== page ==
I like the starkness with its feeling of quiet and solitude. The image is calming at first glance but, as I look longer, I notice the textures of the sand and tree and feel more intrigued to explore.
How did this picture come about?
This was at low tide at Tybee Island at the mouth of the Tybee River. A friend Carol and I went out to practice out sea kayaking skills.
What is the picture saying?
A moody black and white landscape. A simple landscape but in the details many things are happening.
What is the picture saying to the viewer?
A solitary place inviting the viewer to take a closer look.
What makes this picture work?
- The placement of solo tree
- The texture and the shading of the foreground
- How the reflections of light lead the eye to the background.
The most important design elements of the picture- how is it used?
Leading lines — the lighter shade of sand leading back to the stark black tree
Rule of thirds with tree placement
Which rule of composition is most prominent?
Leading line of light and repetition of textures
How does image break the rules?
The lightness of the foreground in theory should be an obstacle for the viewers eye lead them into the picture. The lightness on the top could shoot the viewers eye out of picture but the solid and the width of the white instead provides a block for the eye to bounce back to the picture.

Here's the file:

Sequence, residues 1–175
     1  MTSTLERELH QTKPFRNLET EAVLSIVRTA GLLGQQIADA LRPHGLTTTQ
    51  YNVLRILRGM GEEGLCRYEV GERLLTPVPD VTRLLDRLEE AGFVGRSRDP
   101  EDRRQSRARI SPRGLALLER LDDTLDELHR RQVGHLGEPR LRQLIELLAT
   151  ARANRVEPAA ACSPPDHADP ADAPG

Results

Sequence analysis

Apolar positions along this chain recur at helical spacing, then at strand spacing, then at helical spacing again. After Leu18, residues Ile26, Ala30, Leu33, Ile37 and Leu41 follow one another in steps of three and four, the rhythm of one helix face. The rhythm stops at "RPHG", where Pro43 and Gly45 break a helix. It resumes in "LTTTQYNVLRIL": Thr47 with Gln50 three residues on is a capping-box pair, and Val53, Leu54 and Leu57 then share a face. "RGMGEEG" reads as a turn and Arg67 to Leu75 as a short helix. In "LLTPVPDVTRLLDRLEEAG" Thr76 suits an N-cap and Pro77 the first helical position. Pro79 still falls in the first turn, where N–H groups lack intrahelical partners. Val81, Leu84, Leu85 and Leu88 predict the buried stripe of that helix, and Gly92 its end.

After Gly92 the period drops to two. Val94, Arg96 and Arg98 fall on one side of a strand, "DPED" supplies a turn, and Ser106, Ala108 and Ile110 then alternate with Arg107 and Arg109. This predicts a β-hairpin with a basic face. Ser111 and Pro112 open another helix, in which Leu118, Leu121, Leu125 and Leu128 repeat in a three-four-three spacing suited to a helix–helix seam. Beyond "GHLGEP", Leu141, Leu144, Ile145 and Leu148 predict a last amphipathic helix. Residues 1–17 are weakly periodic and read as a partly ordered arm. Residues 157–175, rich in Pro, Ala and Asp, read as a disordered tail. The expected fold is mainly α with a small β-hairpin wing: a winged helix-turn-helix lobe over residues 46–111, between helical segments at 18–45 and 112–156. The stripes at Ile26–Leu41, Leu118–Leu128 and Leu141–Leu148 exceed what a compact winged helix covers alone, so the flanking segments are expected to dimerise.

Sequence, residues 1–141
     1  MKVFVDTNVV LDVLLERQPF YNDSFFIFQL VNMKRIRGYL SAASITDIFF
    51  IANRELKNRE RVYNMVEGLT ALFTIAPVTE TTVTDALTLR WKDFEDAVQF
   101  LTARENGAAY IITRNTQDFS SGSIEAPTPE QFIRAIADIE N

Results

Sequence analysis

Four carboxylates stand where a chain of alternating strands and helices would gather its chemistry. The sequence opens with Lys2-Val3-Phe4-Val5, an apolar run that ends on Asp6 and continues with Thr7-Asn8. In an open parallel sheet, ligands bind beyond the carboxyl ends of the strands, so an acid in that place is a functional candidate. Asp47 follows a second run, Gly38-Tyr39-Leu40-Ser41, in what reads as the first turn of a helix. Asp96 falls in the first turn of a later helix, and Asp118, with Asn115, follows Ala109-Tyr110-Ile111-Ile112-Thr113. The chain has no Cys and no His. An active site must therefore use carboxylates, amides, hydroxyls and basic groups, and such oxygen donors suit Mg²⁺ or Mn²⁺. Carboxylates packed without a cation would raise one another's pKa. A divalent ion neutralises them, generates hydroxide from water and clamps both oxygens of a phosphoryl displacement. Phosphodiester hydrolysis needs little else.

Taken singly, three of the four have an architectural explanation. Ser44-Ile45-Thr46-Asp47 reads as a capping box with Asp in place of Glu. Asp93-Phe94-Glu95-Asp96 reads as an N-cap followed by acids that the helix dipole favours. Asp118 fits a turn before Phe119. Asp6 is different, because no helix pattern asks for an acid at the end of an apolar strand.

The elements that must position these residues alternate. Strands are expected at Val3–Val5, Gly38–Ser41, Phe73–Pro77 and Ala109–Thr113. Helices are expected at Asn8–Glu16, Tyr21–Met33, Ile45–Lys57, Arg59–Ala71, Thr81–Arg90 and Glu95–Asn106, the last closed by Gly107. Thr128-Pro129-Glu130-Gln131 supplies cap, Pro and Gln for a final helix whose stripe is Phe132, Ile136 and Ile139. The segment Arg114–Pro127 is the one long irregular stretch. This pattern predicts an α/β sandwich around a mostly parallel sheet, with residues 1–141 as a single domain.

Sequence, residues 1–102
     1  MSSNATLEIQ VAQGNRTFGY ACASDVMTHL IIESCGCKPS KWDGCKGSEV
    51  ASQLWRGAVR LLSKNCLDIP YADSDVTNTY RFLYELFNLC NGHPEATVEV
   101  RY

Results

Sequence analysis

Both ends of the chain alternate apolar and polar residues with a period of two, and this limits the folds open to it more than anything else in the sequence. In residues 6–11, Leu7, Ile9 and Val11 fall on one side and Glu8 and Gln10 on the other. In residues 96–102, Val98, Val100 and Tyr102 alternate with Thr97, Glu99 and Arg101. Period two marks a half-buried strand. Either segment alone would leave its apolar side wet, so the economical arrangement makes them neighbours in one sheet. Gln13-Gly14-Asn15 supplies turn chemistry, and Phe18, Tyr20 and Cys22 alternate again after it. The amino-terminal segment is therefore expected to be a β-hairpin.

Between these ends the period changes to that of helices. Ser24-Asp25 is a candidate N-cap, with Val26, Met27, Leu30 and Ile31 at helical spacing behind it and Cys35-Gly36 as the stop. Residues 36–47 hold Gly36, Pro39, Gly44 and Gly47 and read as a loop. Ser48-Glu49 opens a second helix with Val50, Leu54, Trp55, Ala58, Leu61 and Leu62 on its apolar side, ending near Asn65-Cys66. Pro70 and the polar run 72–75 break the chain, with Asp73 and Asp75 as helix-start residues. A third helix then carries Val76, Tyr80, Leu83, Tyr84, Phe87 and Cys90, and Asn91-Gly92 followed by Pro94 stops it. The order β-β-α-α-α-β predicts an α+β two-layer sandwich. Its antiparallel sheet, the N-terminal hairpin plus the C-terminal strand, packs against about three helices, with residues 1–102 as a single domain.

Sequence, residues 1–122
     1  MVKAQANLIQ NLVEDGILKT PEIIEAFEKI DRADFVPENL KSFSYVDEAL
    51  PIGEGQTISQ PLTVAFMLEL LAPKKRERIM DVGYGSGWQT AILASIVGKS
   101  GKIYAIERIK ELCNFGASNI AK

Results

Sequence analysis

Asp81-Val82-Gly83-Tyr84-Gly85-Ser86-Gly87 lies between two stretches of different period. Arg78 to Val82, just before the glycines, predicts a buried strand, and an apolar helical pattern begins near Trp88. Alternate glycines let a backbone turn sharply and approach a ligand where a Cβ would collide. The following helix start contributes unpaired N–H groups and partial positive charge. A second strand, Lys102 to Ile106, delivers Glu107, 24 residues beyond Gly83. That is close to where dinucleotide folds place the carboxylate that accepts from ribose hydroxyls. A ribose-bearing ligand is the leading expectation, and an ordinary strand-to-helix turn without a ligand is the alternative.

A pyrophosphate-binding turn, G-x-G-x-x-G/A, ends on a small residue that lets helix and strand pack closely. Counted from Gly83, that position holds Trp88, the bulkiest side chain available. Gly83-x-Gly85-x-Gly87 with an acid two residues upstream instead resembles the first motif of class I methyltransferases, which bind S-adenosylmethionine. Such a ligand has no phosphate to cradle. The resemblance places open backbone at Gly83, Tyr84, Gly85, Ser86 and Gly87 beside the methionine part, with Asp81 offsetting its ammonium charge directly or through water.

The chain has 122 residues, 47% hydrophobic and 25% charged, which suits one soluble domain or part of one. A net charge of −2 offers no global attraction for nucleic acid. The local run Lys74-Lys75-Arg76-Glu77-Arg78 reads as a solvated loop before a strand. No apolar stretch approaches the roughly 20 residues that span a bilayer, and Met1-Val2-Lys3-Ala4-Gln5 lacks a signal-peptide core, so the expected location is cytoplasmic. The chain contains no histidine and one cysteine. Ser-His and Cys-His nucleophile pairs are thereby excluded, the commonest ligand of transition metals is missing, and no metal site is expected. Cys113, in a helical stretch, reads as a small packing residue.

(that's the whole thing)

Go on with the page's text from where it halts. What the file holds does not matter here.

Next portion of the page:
How does it use these tradition rules of composition?
How does your eye move around the image?
My eye goes up to the light sand and then follows the three lighter lines of the sky reflecting in the wet sand to the mid-ground. I am stopped abruptly at the solid sky and bounce back to the tree.
Black and white or color?
Black and White shows off all the textures and makes it simplifies the image with the lack of color.
What keeps the shot from being boring?
The unexpected use of the lighter sand.
What keeps it from being too busy
The repeating pattern of the sand.